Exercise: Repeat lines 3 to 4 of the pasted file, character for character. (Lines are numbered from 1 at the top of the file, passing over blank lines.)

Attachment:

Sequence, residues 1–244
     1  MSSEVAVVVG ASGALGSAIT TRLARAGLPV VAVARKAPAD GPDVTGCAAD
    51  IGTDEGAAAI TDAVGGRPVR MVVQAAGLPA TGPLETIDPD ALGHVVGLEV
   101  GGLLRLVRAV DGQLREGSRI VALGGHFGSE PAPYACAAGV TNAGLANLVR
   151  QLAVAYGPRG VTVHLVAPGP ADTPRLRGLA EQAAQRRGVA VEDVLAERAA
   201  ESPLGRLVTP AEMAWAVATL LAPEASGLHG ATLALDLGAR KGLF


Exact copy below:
    51  IGTDEGAAAI TDAVGGRPVR MVVQAAGLPA TGPLETIDPD ALGHVVGLEV
   101  GGLLRLVRAV DGQLREGSRI VALGGHFGSE PAPYACAAGV TNAGLANLVR